Will It Fall to Israel’s Military To Enforce the United Nations Resolution on Hezbollah?

President Biden’s national security adviser wants to try international diplomacy against Hezbollah. It would bring in, among others, the Quai d’Orsay. What’s the logic of that?

AP/Hassan Ammar
UN peacekeepers patrol next to a damaged house near the Israeli border at Marwahin, Lebanon, November 25, 2023. AP/Hassan Ammar

Will diplomats push Hezbollah away from the Lebanese-Israeli frontier, or could the Israel Defense Force end up enforcing the United Nations resolution prohibiting Hezbollah from operating at the border?  

When the national security adviser, Jacob Sullivan, lands in Israel Thursday, he will likely lean on his hosts to allow American and French diplomats to prevent a widened Gaza war into Lebanon. Yet a daily mortar barrage from southern Lebanon into Israel is intensifying, raising doubts about diplomatic solutions.

Ending in 2006 a month-long war between Israel and Hezbollah, the UN Security Council passed its Resolution 1701. It purported to assure that no armed militia would be present south of Lebanon’s Litani River, located 18 miles north of the Israeli border.

Yet, the resolution lacked teeth. Backed by Iran, Hezbollah, armed with 130,000 missiles, dominates southern Lebanon. With its elite Radwan force it is constantly intimidating residents of the Galilee. It’s one of the most dangerous situations in the Middle East.

“The October 7 Hamas plan to invade southern Israel was identical to Hezbollah’s invasion plan,” the president of Alma, a northern Israel-based think tank, Sarit Zehavi, tells the Sun. “Since October 7, anti-tank rockets have been shot at us daily, along with attack drones and ground infiltration attempts,” she says.

Israel is returning fire at launching sites and Hezbollah targets. One proposed plan reported by Israel’s Channel 12 is dubbed “mini 1701.” Under the scheme, the IDF would capture in southern Lebanon an area up to five miles wide. That is the range of the anti tank rockets that are mostly used against northern Israel.

The American energy envoy, Amos Hochstein, at Beirut on September 9, 2022.
The American energy envoy, Amos Hochstein, at Beirut on September 9, 2022. AP/Hussein Malla

For now Israel is careful to avoid a major confrontation with Hezbollah. Western diplomats are eager to keep the Gaza war from spreading to Lebanon. Paris, which has sway over Beirut, has dispatched the French foreign minister, Catherine Colonna, to the region. 

President Biden’s Mideast adviser, Amos Hochstein, is also shuttling between Beirut and Jerusalem, seeking new border understandings. That’s from the Israeli newspaper Yediot Ahronot. Mr. Hochstein’s plan would entail some Israeli land concessions, including in the strategic Mt. Dov area, in return for pushing Hezbollah away from the border.

Shortly after the October 7 war started, and in the face of shelling from Hezbollah at towns adjacent to the northern border, the Israeli government ordered the evacuation of 60,000 of its citizens. Thousands other residents living slightly farther south have also left their homes. Even if shooting stops, they say they’d fear going back if Hezbollah’s Radwan force remains near the border.  

“We prefer a diplomatic solution guaranteeing that Hezbollah is pushed north of the Litani according to resolution 1701,” the Israeli defense minister, Yoav Gallant, told mayors of northern towns during a tense meeting last week. Yet, if diplomacy fails, he added, “the IDF will use all its military power to assure that Hezbollah is pushed back.”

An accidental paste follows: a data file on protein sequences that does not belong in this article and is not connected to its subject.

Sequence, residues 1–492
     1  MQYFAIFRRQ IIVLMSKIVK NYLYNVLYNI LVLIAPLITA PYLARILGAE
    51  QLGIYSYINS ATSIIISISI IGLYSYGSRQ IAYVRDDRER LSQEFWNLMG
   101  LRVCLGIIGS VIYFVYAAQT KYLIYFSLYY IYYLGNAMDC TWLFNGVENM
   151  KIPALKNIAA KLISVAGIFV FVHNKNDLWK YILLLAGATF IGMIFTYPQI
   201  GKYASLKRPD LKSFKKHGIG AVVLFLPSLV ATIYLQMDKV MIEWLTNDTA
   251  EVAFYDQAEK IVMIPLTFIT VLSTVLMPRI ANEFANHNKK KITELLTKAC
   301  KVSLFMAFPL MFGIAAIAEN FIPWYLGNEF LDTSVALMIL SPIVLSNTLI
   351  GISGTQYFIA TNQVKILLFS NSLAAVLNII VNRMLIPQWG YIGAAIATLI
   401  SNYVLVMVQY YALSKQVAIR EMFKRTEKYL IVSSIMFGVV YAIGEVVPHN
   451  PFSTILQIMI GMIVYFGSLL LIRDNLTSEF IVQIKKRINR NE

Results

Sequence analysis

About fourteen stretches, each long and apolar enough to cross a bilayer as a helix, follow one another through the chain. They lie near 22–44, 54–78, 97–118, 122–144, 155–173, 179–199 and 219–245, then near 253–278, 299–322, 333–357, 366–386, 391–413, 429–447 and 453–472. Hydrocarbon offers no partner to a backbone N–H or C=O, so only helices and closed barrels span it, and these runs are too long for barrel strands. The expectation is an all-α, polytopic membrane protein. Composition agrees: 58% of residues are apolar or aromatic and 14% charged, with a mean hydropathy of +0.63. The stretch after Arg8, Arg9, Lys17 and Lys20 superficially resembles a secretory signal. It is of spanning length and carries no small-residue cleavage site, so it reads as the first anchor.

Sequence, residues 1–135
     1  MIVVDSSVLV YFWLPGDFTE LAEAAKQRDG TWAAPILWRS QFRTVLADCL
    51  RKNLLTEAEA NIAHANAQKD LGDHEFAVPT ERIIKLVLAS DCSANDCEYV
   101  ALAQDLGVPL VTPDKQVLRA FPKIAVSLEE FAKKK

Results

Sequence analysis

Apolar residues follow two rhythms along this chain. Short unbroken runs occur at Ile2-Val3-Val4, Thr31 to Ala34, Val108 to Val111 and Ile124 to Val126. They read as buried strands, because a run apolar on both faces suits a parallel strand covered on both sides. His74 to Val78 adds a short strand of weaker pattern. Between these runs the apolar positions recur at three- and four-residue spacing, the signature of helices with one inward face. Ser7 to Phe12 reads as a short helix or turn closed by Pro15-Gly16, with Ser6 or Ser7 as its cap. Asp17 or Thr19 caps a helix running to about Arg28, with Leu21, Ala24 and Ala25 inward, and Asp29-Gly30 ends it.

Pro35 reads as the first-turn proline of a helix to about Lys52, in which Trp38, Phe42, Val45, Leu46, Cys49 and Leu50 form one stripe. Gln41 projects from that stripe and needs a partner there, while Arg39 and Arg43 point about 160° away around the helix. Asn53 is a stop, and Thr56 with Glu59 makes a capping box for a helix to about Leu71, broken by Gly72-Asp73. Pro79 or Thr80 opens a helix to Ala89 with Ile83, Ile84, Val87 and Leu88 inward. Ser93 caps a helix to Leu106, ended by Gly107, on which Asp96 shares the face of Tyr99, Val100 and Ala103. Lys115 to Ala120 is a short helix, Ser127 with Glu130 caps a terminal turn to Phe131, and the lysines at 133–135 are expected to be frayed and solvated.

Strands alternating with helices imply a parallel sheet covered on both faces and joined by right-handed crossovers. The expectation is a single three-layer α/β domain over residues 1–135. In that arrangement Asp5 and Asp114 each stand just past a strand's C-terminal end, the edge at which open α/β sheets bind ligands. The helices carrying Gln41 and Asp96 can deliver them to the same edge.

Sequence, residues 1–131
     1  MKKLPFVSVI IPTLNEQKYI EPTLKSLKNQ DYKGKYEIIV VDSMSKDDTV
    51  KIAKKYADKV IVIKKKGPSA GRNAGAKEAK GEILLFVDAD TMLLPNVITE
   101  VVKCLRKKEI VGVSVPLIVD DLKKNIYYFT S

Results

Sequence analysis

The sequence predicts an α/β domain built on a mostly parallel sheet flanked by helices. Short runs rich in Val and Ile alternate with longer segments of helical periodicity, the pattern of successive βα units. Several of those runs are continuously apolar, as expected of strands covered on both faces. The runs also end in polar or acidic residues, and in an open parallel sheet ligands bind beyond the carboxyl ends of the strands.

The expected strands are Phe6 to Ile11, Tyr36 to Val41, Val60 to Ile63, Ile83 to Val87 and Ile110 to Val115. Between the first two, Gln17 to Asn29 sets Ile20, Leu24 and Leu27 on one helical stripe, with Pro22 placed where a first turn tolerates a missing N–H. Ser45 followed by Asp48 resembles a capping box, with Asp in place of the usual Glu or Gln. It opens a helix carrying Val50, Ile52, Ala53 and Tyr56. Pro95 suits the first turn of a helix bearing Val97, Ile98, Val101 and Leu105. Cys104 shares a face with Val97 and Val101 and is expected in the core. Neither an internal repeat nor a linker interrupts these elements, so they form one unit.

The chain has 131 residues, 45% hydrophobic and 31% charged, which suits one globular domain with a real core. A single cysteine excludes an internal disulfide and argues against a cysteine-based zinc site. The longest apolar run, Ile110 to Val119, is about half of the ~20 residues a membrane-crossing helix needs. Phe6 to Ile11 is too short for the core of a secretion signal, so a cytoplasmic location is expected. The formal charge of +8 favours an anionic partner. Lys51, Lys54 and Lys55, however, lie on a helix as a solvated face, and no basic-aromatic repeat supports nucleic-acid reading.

Israelis have long scoffed at the UN resolution and are now even more skeptical. While Resolution 1701 ordered Hezbollah to stay away from the Israeli border, a former IDF general, Israel Ziv, noted on Channel 12 television, “in fact it’s the reverse.” He adds that “we now have 70,000 internally displaced refugees” who are forced away from the Lebanese border.  

In 2006, the UN Interim Force in Lebanon, known as Unifil, was beefed up to include troops from several European countries led by experienced military commanders. Its mission was to “assist the Lebanese armed forces” in creating a weapons-free zone south of the Litani.

“We had no illusions that this resolution would resolve our Hezbollah problem,” a former Israeli diplomat who served as deputy UN envoy at the time, Daniel Carmon, tells the Sun. “Yet, it was the best we could get, as American pressured us to end the war.”

Unifil may have even been effective at first. Yet, as Hezbollah increasingly dominated Lebanese politicians and the army, Unifil largely gave up confronting it. 

During a recent visit to northern Israel, a correspondent of the Sun could view Hezbollah operatives setting camp across the border right next to a Unifil position. Entering a tunnel dug deeply under the border, a reporter was told the terrorists’ plan was to infiltrate, kill Israelis, and take hostages.

While the IDF detected and neutralized that particular tunnel, residents of the north have long said they could hear sounds of underground digging at night, indicating that mass infiltration, to be executed at the time of Hezbollah and Iran’s choosing, is still being planned.   

“Who would go house to house in southern Lebanon to take out the rockets that are hidden there, and who would dismantle the Radwan tunnels?” Ms. Zehavi says. “Unifil? NATO? The U.S. army?”

For now, the IDF concentrates its fire power on Gaza, but as the war intensifies Israel may be forced to address threats in the north and elsewhere by itself. “It is wrong to call this an Israel-Hamas war,” Ms. Zehavi says. “It’s a war on the axis of terror, led by Iran.”

The New York Sun

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